Part 1 - A track day sounds fun, but I've never done that so I'm not sure if that's something I could do....
So you've taken the plunge and bought a righteous R3. Been riding it a while and diggin' it and you keep hearing about this track-day stuff. The good news is that the R3 in stock trim** is a great track-day bike.
How much experience do I need?
Really, not much. I took my 15 y.o. to the track a few years ago. His experience consisted of some parking lot riding and completion of the MSF course. No street experience AT ALL. I rode with him for the first couple of sessions, then turned him loose - by the end of the day, he was doing quite well for someone with virtually no previous experience.
No matter what your experience, first time at the track enroll in the beginner group. Beginner group generally gets sighting laps, more attention from the control riders and more personal instruction. Speeds are slower, allowing new riders to "come up to speed" on track layout and technique. When I go to a new track, I will sometimes go with beginner group first session just to learn the track before moving up to a faster group.
I dunno - sounds kinda scary.
First time out - maybe a bit scary, but in a good way. Riding at speed on a track is safer than riding on the street - at least that's my opinion. At the track, everyone is focused and going in the same direction on a closed course - no opposing traffic (pulling lefts in front of you), no text or cell phones.
But my bike is stock - won't I have to do a bunch of mods?
No. That's the beauty of a track day - you can run what you brung. Rules for bike prep vary with track-day organizations, but in general they do not allow antifreeze in the bike. Why? Because if your engine gets hot and antifreeze gets on the track it makes it slippery and potentially unsafe for other riders. So you'll need to drain the antifreeze and replace it with plain water. Other than that, you'll need some painter's tape and a zip-tie or two. Headlight, tail light, signals and mirrors will need to be covered with the tape. Kickstand may or may not need to be zip-tied in up position. Just go over all the fasteners you can get to and make sure they are tight - you should be good to go!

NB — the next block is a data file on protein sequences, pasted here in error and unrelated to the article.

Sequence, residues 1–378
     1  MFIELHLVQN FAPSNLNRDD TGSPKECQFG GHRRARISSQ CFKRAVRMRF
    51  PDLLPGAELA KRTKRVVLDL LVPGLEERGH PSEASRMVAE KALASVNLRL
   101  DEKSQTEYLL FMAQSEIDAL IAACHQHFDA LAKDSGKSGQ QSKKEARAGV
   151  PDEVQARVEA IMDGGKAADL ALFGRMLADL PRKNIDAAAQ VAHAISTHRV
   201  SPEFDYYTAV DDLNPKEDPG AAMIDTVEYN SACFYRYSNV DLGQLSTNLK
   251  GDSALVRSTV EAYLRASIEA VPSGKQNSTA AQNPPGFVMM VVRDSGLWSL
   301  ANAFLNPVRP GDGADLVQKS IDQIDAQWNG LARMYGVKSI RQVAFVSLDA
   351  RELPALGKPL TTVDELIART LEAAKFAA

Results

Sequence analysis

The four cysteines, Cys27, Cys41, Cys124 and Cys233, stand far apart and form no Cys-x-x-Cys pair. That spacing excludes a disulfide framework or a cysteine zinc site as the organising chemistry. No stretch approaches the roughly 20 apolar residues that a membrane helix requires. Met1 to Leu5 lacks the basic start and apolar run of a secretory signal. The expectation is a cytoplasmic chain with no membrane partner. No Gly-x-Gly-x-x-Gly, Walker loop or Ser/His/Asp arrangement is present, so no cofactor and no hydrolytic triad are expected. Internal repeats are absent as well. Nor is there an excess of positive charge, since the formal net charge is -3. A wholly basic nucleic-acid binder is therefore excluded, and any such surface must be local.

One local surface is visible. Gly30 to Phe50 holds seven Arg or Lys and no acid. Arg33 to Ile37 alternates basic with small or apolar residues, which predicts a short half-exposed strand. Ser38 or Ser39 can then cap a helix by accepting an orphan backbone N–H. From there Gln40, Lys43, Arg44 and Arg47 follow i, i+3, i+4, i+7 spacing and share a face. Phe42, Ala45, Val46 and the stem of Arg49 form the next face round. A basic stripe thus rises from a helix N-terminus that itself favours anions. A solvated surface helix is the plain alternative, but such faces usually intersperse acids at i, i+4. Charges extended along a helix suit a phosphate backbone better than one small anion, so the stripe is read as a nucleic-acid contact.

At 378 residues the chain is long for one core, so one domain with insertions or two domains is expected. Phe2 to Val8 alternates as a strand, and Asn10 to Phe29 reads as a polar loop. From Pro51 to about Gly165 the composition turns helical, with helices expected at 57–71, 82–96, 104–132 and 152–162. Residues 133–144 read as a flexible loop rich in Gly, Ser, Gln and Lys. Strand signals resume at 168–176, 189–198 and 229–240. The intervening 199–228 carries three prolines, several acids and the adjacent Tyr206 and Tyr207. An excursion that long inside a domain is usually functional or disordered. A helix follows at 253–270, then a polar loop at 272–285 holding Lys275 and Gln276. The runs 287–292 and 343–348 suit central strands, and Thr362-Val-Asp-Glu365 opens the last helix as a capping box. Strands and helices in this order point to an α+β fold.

What kind of protective gear do I need?
Helmet, over-the-cuff gloves, leathers, and over-the-ankle boots. Most organizations require either one-piece or two-piece zip-together leathers. Don't have them? Check with the track-day organizer - sometimes they have leathers to borrow or rent - or bum a set off someone you know. Actual MC boots are nice, but work boots will suffice.
How much does it cost?
It varies with track, but in the neighborhood of about $200/day. Renting a track is expensive for the organizer, plus you have EMT and safety staff on site. Most organizations provide control riders - talk to these guys early in the day and get them to ride with you a few laps - they will then help you to figure out what you're doing right and what you could improve on - that's how to maximize value.
Ok, I'm in - where to go?
There is probably a facility offering track days within a few hours of where you live. Roadracing World maintains a pretty comprehensive track-day directory:
** after your first couple of track days, you will inevitably fall victim to "the affliction" - then your bike will not stay in stock trim for much longer....
So bottom line here is that if you are thinking about your first track-day, then I'd encourage you to DO IT!! Your bike skills (braking and cornering) will improve dramatically - even if you've been riding a number of years. Plus it is a butt-load of fun!! Take a friend or two - makes for even mo' better fun. Post up your experiences.